This professional learning is designed for teachers as they begin their implementation of CPM. This series contains multiple components and is grounded in multiple active experiences delivered over the first year. This learning experience will encourage teachers to adjust their instructional practices, expand their content knowledge, and challenge their beliefs about teaching and learning. Teachers and leaders will gain first-hand experience with CPM with emphasis on what they will be teaching. Throughout this series educators will experience the mathematics, consider instructional practices, and learn about the classroom environment necessary for a successful implementation of CPM curriculum resources.

Page 2 of the Professional Learning Progression (PDF) describes all of the components of this learning event and the additional support available. Teachers new to a course, but have previously attended Foundations for Implementation, can choose to engage in the course Content Modules in the Professional Learning Portal rather than attending the entire series of learning events again.

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Building on Instructional Practice Series

The Building on Instructional Practice Series consists of three different events – Building on Discourse, Building on Assessment, Building on Equity – that are designed for teachers with a minimum of one year of experience teaching with CPM instructional materials and who have completed the Foundations for Implementation Series.

Building on Equity

In Building on Equity, participants will learn how to include equitable practices in their classroom and support traditionally underserved students in becoming leaders of their own learning. Essential questions include: How do I shift dependent learners into independent learners? How does my own math identity and cultural background impact my classroom? The focus of day one is equitable classroom culture. Participants will reflect on how their math identity and mindsets impact student learning. They will begin working on a plan for Chapter 1 that creates an equitable classroom culture. The focus of day two and three is implementing equitable tasks. Participants will develop their use of the 5 Practices for Orchestrating Meaningful Mathematical Discussions and curate strategies for supporting all students in becoming leaders of their own learning. Participants will use an equity lens to reflect on and revise their Chapter 1 lesson plans.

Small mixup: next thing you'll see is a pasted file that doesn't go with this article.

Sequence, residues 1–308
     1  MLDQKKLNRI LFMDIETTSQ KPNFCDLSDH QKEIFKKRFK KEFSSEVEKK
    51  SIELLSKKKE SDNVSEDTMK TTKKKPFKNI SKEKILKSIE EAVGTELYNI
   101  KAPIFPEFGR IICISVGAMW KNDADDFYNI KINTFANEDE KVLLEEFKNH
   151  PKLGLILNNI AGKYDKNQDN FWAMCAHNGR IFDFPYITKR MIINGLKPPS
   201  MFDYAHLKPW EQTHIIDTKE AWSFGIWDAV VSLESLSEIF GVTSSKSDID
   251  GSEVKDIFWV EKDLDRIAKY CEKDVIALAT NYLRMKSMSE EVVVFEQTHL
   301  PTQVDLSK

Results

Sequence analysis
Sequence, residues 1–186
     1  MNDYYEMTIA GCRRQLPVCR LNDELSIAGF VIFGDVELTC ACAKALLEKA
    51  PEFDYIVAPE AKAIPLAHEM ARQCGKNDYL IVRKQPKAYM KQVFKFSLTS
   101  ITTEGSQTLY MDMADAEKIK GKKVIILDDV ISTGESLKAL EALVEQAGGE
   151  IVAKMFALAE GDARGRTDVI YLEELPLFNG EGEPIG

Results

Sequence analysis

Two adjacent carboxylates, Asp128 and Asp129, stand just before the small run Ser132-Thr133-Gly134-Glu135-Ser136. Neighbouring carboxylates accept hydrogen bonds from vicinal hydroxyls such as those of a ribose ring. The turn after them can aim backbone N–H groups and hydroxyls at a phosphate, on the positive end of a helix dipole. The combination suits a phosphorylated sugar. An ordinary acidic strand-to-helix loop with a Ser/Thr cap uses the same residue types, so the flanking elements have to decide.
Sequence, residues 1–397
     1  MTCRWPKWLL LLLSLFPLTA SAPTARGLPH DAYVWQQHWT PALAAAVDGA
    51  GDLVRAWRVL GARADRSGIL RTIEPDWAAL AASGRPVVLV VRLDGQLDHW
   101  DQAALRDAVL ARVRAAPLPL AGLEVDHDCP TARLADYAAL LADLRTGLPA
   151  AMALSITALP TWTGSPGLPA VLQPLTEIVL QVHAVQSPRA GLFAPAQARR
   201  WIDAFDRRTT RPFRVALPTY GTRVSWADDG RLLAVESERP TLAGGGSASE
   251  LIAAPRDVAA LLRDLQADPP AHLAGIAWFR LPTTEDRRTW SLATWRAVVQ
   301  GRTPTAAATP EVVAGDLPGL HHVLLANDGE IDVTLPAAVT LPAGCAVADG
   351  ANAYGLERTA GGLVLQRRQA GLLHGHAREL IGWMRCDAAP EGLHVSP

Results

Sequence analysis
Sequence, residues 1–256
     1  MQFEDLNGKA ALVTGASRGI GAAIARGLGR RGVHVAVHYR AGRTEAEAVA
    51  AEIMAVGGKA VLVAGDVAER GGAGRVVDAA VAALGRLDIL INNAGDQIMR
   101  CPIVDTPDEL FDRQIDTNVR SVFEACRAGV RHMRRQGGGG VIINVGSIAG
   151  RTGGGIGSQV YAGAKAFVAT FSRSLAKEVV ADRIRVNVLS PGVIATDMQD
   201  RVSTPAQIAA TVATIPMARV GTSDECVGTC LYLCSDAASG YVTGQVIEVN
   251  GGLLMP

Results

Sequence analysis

Building on Assessment

In Building on Assessment, participants will apply assessment research and develop methods to provide feedback to students and inform equitable assessment decisions. On day one, participants will align assessment practices with learning progressions and the principle of mastery over time as well as write assessment items. During day two, participants will develop rubrics, explore alternate types of assessment, and plan for implementation that supports student ownership. On the third day, participants will develop strategies to monitor progress and provide evidence of proficiency with identified mathematics content and practices. Participants will develop assessment action plans that will encourage continued collaboration within their learning community.

Building on Discourse

In Building on Discourse, participants will improve their ability to facilitate meaningful mathematical discourse. This learning experience will encourage participants to adjust their instructional practices in the areas of sharing math authority, developing independent learners, and the creation of equitable classroom environments. Participants will plan for student learning by using teaching practices such as posing purposeful questioning, supporting productive struggle, and facilitating meaningful mathematical discourse. In doing so, participants learn to support students collaboratively engaged with rich tasks with all elements of the Effective Mathematics Teaching Practices incorporated through intentional and reflective planning.